By applying the SGS method we have calculated the daily changes in ΔR c by using the hourly data from neutron monitor stations (35 stations for Fd I and 44 stations for Fd II and Fd III). The calculated values of ΔR c for the days of minimum intensity (i.e. 16 July 2000, 31 October 2003, and 13 September 2005) are presented by red dots in Figure 1. The vertical axis of Figure 1 shows the changes in the cut-off rigidity (ΔR c), and the horizontal axis shows the geomagnetic cut-off rigidity (R c) of the specified stations. Figure 1 indicates that the distributions of ΔR c are similar for Fd I and II with a minimum at 5 – 6 GV of the cut-off rigidity. However, for Fd III no such tendencies are recognized. It is clear that each geomagnetic storm has a specific character due to a different way of interaction between the magnetosphere and ICME or flare-induced shock wave (Dessler and Parker 1959; Perreault and Akasofu 1978). Therefore, a complex structure of the Earth’s magnetic field during magnetic storms would lead to diverse changes in ΔR c. The corresponding corrections for the GCR intensity, ΔJ, caused by the changes in the geomagnetic cut-off rigidity ΔR c during these Fds are marked by green triangles in Figure 1 as well. Figure 1 shows very similar profiles of ΔJ for all three Fds. The value of ΔJ increases sharply versus R c in the range of 2 – 6 GV of the cut-off rigidity, and then gradually decreases. One can note that all Fds show significant dispersion in ΔJ in the range of R c=4 – 8 GV. The maximum changes in the GCR intensity are found in this range of R c for all the three Fds.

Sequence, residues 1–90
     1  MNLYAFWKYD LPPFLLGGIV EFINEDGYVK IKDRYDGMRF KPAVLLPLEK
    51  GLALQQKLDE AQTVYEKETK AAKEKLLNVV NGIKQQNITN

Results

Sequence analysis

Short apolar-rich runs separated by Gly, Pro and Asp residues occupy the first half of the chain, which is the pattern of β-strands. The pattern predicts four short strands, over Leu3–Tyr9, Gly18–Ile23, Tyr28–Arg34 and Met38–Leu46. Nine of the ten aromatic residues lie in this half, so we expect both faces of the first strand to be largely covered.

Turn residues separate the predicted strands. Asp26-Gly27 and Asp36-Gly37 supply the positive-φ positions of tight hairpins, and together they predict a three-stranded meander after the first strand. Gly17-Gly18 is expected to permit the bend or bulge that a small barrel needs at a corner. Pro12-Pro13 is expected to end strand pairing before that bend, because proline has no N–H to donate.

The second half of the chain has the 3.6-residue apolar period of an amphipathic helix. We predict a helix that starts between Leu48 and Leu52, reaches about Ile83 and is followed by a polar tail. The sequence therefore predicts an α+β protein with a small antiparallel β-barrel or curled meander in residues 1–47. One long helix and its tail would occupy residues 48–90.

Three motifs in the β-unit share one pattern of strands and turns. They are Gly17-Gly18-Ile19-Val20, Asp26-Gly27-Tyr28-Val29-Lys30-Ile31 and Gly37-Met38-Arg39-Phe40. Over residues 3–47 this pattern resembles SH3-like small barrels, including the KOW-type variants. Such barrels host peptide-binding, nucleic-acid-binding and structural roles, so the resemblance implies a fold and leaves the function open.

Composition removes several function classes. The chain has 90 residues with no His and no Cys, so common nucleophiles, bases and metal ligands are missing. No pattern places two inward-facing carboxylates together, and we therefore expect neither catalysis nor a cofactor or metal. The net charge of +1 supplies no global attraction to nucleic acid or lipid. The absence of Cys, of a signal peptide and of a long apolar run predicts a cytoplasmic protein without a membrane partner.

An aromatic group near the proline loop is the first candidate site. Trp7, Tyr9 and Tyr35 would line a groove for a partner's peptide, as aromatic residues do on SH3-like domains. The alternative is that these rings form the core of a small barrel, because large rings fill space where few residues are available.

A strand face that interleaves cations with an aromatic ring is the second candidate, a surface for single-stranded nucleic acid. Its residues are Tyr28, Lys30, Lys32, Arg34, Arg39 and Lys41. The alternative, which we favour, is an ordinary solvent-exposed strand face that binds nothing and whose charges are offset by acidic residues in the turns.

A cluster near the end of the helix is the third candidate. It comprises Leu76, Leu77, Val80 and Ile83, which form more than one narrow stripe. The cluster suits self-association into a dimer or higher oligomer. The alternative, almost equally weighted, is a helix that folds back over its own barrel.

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Figure 1

Changes in the geomagnetic cut-off rigidity ΔR c (left vertical axis) and the GCR intensity correction ΔJ (right vertical axis) versus the geomagnetic cut-off rigidity R c on the days of minimum of GCR intensity (daily mean) for the three considered Fds.